Lending to British businesses has been slashed by almost £100bn over the last four years according to figures released yesterday by the Bank of England.
According to a report in the Mail Online, experts accused lenders of ‘sucking the lifeblood out of business’, which is crippling their ability to invest and create new jobs.
Bank of England figures showed the amount banks have earned but then refused to lend reached £96.5bn between November 2008 and March 2012.
Lord Oakeshott, a Lib Dem peer who resigned in February last year over Project Merlin – the Government’s failed attempt to get banks to lend – said the consequences of the ruthless behaviour were dire.
“There is no way our economy can grow when the banks keep sucking the lifeblood out of business,” he said. “Around £11 billion of negative net business lending over the past three months makes it a £100 billion bank attack on business, jobs and growth over the past three-and-a-half years.”
The figures emerged just days after the Prime Minister insisted solving the small business lending crisis was one of the most urgent problems the Government needed to address.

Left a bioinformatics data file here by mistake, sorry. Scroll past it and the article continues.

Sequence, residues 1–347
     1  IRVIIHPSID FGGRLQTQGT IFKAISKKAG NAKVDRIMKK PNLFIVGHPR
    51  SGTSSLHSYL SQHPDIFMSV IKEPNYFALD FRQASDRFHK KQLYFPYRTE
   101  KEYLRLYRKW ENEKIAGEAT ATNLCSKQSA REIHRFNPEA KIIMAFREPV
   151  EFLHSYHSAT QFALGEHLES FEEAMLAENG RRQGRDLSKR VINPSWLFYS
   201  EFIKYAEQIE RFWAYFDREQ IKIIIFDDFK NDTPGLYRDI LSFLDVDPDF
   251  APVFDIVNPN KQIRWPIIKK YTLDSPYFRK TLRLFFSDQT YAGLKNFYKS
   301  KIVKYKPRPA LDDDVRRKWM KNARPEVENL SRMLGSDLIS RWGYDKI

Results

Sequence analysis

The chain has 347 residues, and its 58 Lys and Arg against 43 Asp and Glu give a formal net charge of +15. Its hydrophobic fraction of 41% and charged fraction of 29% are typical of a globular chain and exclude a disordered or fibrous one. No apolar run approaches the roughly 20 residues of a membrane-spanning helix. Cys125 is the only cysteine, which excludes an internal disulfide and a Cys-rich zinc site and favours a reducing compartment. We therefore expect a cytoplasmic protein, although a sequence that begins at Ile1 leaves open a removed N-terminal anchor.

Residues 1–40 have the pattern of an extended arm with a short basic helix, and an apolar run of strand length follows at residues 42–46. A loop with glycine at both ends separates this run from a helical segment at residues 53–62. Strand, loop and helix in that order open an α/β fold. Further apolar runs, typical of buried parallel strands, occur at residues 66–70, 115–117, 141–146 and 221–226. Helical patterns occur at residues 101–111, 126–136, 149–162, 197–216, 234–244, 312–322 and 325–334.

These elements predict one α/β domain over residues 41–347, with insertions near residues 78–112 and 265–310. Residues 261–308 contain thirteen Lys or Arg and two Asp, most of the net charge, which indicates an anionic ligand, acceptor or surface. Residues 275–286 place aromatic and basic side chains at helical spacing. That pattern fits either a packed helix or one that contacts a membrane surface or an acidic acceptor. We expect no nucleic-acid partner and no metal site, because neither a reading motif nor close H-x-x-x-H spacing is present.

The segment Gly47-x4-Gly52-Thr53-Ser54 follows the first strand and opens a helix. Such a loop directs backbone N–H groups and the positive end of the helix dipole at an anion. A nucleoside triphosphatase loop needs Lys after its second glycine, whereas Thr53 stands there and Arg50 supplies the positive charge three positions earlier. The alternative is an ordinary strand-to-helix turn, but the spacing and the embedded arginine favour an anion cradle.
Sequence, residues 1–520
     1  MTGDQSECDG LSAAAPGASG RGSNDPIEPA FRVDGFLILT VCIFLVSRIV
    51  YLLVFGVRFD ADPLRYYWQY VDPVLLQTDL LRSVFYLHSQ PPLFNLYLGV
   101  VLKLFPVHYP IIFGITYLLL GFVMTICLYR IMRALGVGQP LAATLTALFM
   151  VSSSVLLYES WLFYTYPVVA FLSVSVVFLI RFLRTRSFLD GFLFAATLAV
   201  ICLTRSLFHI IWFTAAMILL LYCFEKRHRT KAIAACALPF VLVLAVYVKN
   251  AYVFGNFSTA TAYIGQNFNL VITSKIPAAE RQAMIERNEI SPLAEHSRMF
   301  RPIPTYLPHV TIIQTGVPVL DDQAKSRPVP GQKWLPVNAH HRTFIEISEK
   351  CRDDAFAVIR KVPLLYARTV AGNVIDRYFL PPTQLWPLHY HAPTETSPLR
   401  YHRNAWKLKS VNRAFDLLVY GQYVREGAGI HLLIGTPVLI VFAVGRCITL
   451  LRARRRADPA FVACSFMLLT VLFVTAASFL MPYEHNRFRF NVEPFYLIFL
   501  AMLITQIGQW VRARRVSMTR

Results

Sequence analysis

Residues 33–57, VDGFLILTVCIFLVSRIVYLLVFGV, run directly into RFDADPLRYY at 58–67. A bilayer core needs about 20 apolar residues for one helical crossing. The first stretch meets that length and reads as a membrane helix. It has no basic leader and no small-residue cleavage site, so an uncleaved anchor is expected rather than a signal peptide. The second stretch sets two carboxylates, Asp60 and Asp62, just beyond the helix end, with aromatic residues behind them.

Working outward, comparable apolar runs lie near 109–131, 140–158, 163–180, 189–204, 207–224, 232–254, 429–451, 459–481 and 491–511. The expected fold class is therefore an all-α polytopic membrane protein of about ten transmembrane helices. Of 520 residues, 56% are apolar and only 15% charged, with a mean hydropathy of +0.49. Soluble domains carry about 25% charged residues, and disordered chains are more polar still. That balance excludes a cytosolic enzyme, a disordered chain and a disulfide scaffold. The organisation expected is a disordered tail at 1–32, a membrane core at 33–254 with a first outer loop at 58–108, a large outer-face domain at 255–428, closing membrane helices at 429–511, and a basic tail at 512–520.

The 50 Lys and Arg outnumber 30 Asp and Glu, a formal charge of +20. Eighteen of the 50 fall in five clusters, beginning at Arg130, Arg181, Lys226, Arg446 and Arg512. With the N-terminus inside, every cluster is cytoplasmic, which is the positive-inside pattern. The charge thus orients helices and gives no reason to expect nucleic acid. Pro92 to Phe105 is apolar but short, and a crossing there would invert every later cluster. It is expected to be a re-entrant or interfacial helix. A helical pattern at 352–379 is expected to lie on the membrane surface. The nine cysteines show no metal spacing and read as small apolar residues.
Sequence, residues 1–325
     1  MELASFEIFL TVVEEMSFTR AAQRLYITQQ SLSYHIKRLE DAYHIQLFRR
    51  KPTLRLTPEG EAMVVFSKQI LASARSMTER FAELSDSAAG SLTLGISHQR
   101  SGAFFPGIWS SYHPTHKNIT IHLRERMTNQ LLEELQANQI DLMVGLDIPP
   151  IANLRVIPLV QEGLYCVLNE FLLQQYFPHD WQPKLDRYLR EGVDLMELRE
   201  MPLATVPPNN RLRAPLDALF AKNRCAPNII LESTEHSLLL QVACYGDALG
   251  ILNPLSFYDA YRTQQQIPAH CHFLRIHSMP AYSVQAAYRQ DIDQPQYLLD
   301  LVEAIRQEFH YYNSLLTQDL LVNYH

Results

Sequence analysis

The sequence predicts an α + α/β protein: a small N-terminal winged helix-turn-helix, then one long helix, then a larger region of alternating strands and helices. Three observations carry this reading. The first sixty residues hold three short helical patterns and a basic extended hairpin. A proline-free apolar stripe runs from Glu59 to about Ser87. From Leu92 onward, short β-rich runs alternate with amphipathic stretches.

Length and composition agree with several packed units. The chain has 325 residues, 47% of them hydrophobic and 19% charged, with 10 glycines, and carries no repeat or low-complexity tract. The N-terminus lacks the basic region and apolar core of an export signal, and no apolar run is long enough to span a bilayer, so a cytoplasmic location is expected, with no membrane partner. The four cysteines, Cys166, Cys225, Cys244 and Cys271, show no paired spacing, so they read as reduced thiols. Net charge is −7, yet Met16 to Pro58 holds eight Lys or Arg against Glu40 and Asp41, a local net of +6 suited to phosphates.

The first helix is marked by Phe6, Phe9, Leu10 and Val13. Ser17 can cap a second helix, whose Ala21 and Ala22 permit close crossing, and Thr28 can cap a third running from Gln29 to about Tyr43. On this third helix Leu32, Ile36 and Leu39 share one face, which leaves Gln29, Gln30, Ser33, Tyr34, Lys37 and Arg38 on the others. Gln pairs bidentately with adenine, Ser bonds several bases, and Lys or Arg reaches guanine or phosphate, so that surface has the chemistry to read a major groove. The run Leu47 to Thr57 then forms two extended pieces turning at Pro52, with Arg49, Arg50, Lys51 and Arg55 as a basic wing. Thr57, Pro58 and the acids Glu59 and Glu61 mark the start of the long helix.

Brian Capon, assistant director of the British Bankers’ Association, said: “Banks are continuing to lend to viable businesses that have a sound business plan and can show that they are able to meet existing and new financial commitments.”
Earlier this week Lloyds Bank revealed that unlike some of other banks, its net lending to small firms is growing, up 4% over the past year.
According to research revealed in the Independent, small companies face a £191bn lending gap of finance over the next five years if they are to grow. In addition, The Federation of Small Businesses claims that 40% of all small companies have had requests for finance turned down last year while often being charged 11% or higher on their loans and overdrafts.
‘Only 2% of the UK banks’ balance sheets is lent to SMEs,’ wrote Independent Journalist Margareta Pagano. ‘Just consider that fact: it’s extraordinary. While attempts to ease credit have been worthy – Project Merlin, the National Loan Guarantee Scheme and QE – they have failed.’